Rare Burmese rubys  is the rarest of all colored gems, and Burmese ruby has long been the premier investment gem. Fine unheated Burmese rubies in larger sizes draw prices as high as  US $300000 to US $400000 a carat at auction. Vivid red — a color known in the trade as pigeon’s blood — is the most valuable color. Rubies tend to have inclusions, so color is more important than perfect clarity.

Another interesting ruby worth noting is the star ruby.

 Star rubys  being not  faceted like most ruby ,  these   this stones  are cut cabochon .

If  you want to see an outstanding collection of stars , go to the American Museum of Natural History in New York . Morgan collection.

In searching for these gems, follow these guidelines:

The six legs of the star should be sharp, not wide and blurry.

The star should be centered.

The main ray should run lengthwise.

The star should be silvery or milky white.

From a clarity standpoint, the stones should be semi-transparent. The stone should not be too flat on the top or too heavy on the bottom.How Much Is a Burmese Ruby Worth?

Just because a ruby is from Burma does not automatically mean that it is of the highest quality and therefore should be more expensive. Each ruby is evaluated on a case by case basis with the focus on color, carat, clarity and other quality factors.

In general, though, Burmese rubies tend to be the most expensive among ruby varieties. The highest anyone has ever paid for a Burmese ruby has been $1 million USD per carat. However, in general, you can find high quality Burmese rubies priced around $10000 per carat.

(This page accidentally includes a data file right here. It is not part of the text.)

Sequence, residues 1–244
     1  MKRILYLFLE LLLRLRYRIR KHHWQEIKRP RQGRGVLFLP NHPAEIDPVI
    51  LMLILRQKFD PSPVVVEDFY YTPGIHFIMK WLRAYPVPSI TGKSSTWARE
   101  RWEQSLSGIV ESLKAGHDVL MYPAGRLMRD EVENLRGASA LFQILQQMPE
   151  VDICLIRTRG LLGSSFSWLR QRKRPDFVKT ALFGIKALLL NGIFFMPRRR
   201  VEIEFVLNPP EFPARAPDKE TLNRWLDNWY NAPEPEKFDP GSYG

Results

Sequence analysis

The rarest and most valuable collector fancy sapphire is the padparadscha, which is Sinhalese for “lotus flower”. A true padparadscha must display a combination of both orange and pink colors. These colors should blend so that it is difficult to see where the pink stops and the orange begins. Dealers disagree on the exact ideal color of a padparadscha. Tone and origin are crucial factors in determining what truly constitutes this gem. We believe the term should be limited to the light to medium tones of Sri Lankan (Ceylon) sapphires with a color that is similar to salmon. In our opinion, the Umba Valley, Tanzania gems and the new Madagascar material do not have the same attractive color in the classic sense. Some unscrupulous dealers have been selling African fancy sapphires as padparadscha. However, these stones have too much orange-brown to be properly labeled “pads”. Sri Lankan padparadscha sapphires sell at a premium, nearing the price of a Kashmir sapphire. An unheated gem padparadscha will range between $5000-$16,000 per carat. Large gems can exceed these prices. Padparadschas are hot collector items and are bought up as quickly as they are found.